Home » Writing » Start Writing Fiction » Reflecting on writing on The OU FutureLearn MOOC ‘Start Writing Fiction’ 8.9

Reflecting on writing on The OU FutureLearn MOOC ‘Start Writing Fiction’ 8.9

Further adventures in learning to write fiction with the Open University

How did you go about the rewrite and why?

Some copy editing errors and for someone not familiar with British history the significance of what takes place may have had no relevance. I fixed the inconsistency and wrote in an appropriate style a summary that establishes that the two characters are the Duke of Windsor, the former King Edward VIII and HRH Edward, Prince of Wales age 68 and Arthur Minty, a comedian and household name age 64. The two met during the First War 1914-18 when they were 22 and 18 respectively.

What editorial criticisms did you reject and why?

I can keep, edit or rewrite anything – so why not give it all a shot and reserve judgment for later. In this instance I want someone to enjoy the story wherever they may be from in the world and whether or not they know some British history.

Did you agree with all of the recommendations? Sometimes the most difficult thing to do is to cut an apparently successful aspect of a story because it jars with the rest of the story. It might be good but doesn’t fit.

The only issue I have with rewrites and editing is how quickly I can lose the sense of flow, or fear abandoning important chunks. It therefore becomes a matter of filing which I am dreadful at. I have numerous deposits for words online, and a couple of notebooks on the go – some of which I lose for months years.

What do you consider to be working well in the story?

The relationship between two friends who can never be rivals or get into conflict; it is where or from whom the conflict will come that is my problem now. I know who and where this is, from a nebulous lot known as ‘the establishment’. What staggers and pleases me is the serendipity of the research that suggests I am far closer to the true character of the non-fictional character, Edward, Prince of Wales. He was, as a young man, ‘physically courageous’ loving to steeplechase for example, and coming off once in days when hard hats were not worn. He itched to go into action on the front line like all other hot blooded young men of the time.

What in the story still needs work?

This point of conflict is crucial, but ‘the establishment’ is a cultural modus operandi, not a cult, but a sensibility felt by those with power and influence: aristocracy, lords, MPs, leading lawyers, journalists, academics and senior religious figures. Fictionalising the lot of them as the bad guys ala J K Rowling would be easier than having to work with the facts. Maybe I will have to invent a bogie man?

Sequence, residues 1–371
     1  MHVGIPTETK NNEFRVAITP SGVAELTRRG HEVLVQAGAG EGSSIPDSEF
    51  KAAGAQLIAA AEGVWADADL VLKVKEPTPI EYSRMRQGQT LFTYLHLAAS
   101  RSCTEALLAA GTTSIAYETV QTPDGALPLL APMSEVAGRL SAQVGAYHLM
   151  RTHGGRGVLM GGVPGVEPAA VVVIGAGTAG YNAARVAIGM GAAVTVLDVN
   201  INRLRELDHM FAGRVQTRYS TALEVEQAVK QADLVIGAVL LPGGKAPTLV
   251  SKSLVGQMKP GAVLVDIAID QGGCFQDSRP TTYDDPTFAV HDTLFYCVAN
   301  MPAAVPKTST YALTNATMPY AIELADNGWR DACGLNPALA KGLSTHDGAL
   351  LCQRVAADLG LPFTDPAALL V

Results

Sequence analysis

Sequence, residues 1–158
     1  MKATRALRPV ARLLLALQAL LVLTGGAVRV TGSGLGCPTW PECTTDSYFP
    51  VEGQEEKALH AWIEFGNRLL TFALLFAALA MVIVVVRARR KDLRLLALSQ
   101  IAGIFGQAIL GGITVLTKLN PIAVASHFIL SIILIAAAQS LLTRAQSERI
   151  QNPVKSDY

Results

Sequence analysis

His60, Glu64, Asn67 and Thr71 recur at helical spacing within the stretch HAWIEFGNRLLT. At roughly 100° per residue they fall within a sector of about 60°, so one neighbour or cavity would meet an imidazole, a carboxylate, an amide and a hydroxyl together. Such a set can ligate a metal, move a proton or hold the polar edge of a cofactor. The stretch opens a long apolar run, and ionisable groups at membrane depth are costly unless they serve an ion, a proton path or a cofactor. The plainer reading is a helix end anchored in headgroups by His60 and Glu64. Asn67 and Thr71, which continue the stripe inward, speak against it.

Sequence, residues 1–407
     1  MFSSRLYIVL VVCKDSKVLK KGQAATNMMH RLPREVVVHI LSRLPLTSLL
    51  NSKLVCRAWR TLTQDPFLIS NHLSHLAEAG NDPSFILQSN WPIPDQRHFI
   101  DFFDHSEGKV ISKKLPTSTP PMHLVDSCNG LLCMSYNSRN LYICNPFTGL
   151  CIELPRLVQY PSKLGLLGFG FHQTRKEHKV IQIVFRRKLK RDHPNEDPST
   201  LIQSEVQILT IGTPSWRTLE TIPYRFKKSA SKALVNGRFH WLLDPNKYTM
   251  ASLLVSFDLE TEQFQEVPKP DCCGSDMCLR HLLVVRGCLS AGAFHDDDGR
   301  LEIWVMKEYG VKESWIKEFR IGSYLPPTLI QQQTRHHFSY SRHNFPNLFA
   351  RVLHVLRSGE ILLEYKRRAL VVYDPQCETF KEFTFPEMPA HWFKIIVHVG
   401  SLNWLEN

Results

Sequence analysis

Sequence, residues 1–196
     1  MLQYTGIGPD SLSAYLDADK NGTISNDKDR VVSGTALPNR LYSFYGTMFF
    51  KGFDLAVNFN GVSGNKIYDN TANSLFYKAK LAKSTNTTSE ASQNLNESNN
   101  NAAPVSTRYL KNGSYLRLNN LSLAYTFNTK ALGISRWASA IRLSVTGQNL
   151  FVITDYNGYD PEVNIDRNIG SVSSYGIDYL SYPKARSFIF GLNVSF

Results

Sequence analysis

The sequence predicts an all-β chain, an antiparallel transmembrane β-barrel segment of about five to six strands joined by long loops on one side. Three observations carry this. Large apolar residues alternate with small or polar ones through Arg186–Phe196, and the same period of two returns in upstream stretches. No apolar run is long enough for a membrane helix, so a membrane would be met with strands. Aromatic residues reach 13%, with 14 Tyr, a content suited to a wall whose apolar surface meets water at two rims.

How did the editorial comments compare to your own earlier reflection on the story – the one you wrote in Being your own critic?

This was very interesting. And some of the same problems still apply. My confidence in the relationship between these two has grown: I am thinking of them as ‘Laurel and Hardy’, rather than ‘Ant and Dec’ or ’Morecombe and Wise’ – though herein lies a solution to my problem. What conflict have, or did such ‘acts’ face and how did the overcome the barriers to success, together or individually. Further research paints a far better picture of Edward, and his devotion and love to ‘Duch’ as I hear him call her in a 1968 interview. They are more Elizabeth Taylor and Richard Burton than we may think from impressions we have from news coverage.


The revised and developed piece now runs to 2,600 words and will eventually embrace another 60,000 words in due course using a variety of approaches I’ve experimented with courtesy of Start Writing Fiction. I happened to have to look at how to write jokes and found some lessons that are just as valid here: information is everything, the audience must know what you are talking about. I will therefore not take for granted that people around the world know anything about the British royal family, or the First World War. I fear losing track or losing the flow if I cut around, so will rewrite all the way through in this new style rather than cut and paste. i.e. remain closer to the experience a reader might have. My two characters have become a double act – so the conflict has to be one they face together and that is something I need to develop as a matter of urgency.


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